Balvaird Castle is a particularly fine and complete example of a traditional late medieval Scottish tower house. It was built around the year 1495 for Sir Andrew Murray, a younger son of the family of Murray of Tullibardine. He acquired the lands of Balvaird through marriage to the heiress Margaret Barclay, a member of a wealthy family and daughter of James Barclay of Kippo. It is likely that Balvaird Castle was built on the site of an earlier Barclay family castle. Substantial remnants of earthwork fortifications around the Castle may survive from earlier defences.

Over the years the castle was extended and altered. A gatehouse was built in 1567. An outer courtyard was attached to the main gate which possibly contained stabling as well as adding an extra layer of defence to the castle. Another courtyard to the south was a garden, while a much larger walled area to the north-east was an orchard or 'pleasance.'

The family continued to live at Balvaird until they were elevated to the Viscountcy of Stormont (ancestors of the Earldom of Mansfield) and in 1658 moved to the rather more comfortable Scone Palace, near Perth. Thereafter the castle continued to be inhabited, though not by the family itself. In its later days, it probably accommodated farm workers.

The Castle was restored and partially excavated in recent years by Historic Scotland, by whom it is maintained, although it was owned by the Murray family until 2017. The site is open at all times, but the tower-house itself can only be visited on a restricted number of days every year. Balvaird Castle is the caput of the feudal Lordship and Barony of Balvaird and is currently owned by American entrepreneur, Brady Brim-DeForest.

Balvaird is notable among Scottish castles of its date for its refined architectural detail. Features include corbels in the form of carved heads supporting the corner-roundels of the wall-walk, an unusually elaborate aumbry (wall-cupboard) in the first-floor hall and a cap-house above the stair in the form of a miniature tower-house. It has been suggested that some or all of these carved stone features may have been brought to Balvaird for re-use from an ecclesiastical building. The inclusion of a kitchen on the ground floor is unusual for a building built in this period, and the inverted keyhole gun-holes clearly date the building's construction to the late 1400s.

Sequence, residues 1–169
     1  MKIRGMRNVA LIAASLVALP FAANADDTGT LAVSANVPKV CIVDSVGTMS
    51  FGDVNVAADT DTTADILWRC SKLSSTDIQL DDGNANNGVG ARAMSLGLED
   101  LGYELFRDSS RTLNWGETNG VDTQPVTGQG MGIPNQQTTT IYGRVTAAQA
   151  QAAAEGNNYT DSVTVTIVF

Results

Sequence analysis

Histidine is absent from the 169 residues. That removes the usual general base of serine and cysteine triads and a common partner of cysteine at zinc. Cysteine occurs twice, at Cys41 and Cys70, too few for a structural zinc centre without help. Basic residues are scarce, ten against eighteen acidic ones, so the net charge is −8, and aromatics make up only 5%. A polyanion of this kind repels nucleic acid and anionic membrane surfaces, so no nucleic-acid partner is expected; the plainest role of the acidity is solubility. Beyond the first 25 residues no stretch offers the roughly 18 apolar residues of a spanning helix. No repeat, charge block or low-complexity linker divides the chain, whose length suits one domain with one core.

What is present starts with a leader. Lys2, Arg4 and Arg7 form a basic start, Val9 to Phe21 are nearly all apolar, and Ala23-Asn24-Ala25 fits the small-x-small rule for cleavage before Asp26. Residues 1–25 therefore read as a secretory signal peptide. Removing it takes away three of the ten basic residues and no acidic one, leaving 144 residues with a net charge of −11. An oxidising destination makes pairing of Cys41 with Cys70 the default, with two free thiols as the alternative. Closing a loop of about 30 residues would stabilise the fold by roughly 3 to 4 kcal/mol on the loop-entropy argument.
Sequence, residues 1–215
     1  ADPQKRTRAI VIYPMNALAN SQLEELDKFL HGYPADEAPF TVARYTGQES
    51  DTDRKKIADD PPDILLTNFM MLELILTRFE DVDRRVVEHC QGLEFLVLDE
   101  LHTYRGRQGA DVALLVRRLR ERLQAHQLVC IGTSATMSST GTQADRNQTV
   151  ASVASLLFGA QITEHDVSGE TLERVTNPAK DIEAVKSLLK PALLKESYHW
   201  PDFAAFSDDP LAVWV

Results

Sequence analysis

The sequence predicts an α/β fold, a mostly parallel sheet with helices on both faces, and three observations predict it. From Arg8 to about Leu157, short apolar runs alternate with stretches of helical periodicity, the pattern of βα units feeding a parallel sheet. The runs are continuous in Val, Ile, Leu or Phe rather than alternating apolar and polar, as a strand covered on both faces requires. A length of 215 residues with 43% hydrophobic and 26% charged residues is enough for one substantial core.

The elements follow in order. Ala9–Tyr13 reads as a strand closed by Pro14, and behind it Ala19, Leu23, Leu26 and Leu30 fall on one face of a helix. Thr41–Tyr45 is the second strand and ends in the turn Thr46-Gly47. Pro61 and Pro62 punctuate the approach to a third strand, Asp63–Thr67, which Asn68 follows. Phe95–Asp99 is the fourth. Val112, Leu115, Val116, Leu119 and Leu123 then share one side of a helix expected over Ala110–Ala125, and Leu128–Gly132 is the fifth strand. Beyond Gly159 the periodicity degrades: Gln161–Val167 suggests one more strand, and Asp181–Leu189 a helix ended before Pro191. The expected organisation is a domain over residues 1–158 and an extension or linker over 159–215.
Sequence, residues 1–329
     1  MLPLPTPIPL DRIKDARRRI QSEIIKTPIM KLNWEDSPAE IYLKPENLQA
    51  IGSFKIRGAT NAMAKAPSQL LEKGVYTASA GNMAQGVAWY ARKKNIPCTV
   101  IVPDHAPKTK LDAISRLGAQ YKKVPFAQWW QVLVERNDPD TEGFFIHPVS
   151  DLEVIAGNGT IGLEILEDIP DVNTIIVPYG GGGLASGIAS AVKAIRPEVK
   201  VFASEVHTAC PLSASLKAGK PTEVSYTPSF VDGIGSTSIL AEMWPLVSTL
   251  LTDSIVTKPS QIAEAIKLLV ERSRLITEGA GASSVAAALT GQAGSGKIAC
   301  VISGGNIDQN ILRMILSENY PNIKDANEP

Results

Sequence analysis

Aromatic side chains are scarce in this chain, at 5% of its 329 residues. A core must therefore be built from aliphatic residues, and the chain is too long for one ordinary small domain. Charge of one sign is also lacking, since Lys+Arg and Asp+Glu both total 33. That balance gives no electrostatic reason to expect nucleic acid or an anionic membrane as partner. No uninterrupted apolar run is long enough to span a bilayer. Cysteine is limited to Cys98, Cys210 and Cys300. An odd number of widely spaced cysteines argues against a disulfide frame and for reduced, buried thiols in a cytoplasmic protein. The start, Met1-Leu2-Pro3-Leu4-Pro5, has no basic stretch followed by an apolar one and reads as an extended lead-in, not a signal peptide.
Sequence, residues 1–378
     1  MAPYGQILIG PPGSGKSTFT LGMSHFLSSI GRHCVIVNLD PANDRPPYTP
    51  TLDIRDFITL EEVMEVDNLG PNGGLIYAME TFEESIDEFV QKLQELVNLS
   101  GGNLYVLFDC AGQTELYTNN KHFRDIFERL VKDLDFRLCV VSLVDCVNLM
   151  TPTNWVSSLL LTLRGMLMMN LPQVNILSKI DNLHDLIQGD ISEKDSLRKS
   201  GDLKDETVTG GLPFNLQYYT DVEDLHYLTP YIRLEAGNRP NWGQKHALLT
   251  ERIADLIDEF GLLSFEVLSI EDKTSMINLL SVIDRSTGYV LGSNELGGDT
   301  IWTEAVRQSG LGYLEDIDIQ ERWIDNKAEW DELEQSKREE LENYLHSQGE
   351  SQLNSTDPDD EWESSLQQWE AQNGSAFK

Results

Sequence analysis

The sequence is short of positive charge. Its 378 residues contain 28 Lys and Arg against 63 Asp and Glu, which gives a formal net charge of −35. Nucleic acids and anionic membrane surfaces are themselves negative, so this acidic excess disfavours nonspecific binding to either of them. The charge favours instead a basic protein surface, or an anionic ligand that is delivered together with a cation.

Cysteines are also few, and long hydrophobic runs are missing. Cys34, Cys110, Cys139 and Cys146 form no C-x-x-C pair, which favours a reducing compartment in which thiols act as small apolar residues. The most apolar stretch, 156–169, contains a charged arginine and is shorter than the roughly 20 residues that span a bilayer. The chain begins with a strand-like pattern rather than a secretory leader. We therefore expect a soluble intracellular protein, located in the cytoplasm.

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Abernethy, United Kingdom
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Founded: 1495
Category: Castles and fortifications in United Kingdom

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4.4/5 (based on Google user reviews)

User Reviews

Jackie Mackenzie (8 months ago)
Beautiful little castle with scenic views. Unfortunately closed when we visited.
High Miler (9 months ago)
Lovely castle with nice views. Very peaceful, you could sit up there for hours on a nice day. Even the grass is cut neat and tidy. Only downside is the keep/tower is locked up nearly all the time.
Barry Allan Scott Art (9 months ago)
Beautiful castle with intact and fairly old tower which has been closed to the public for some time. The grounds are accessible and worth a look around to explore. However the educational boards could do with some updating. The car park was blocked off and I'd really like to see an attempt to open it as an attraction again. So, while it's a lovely and photogenic wee castle... it does have its drawbacks right now with no facilities to speak of and little in the way of visitor information. Hence the 3 stars. It could be so much more. Understandably, accessibility is poor as there is an uphill walk over a country track to the castle from the parking area...most of which has been closed for ages. The grounds are uneven with paths that are acceptable for the able bodied, but not maintained frequently, let alone for wheelchairs.
Man and Van Services (man and van Fife) (9 months ago)
500 hundred years of history set in beautiful countryside. Worth taking a look.
Duncan Fair (11 months ago)
Short walk from main road. Restricted parking. For some reason the car park is closed. No facilities. Great viewpoint. Used to be someone’s house.
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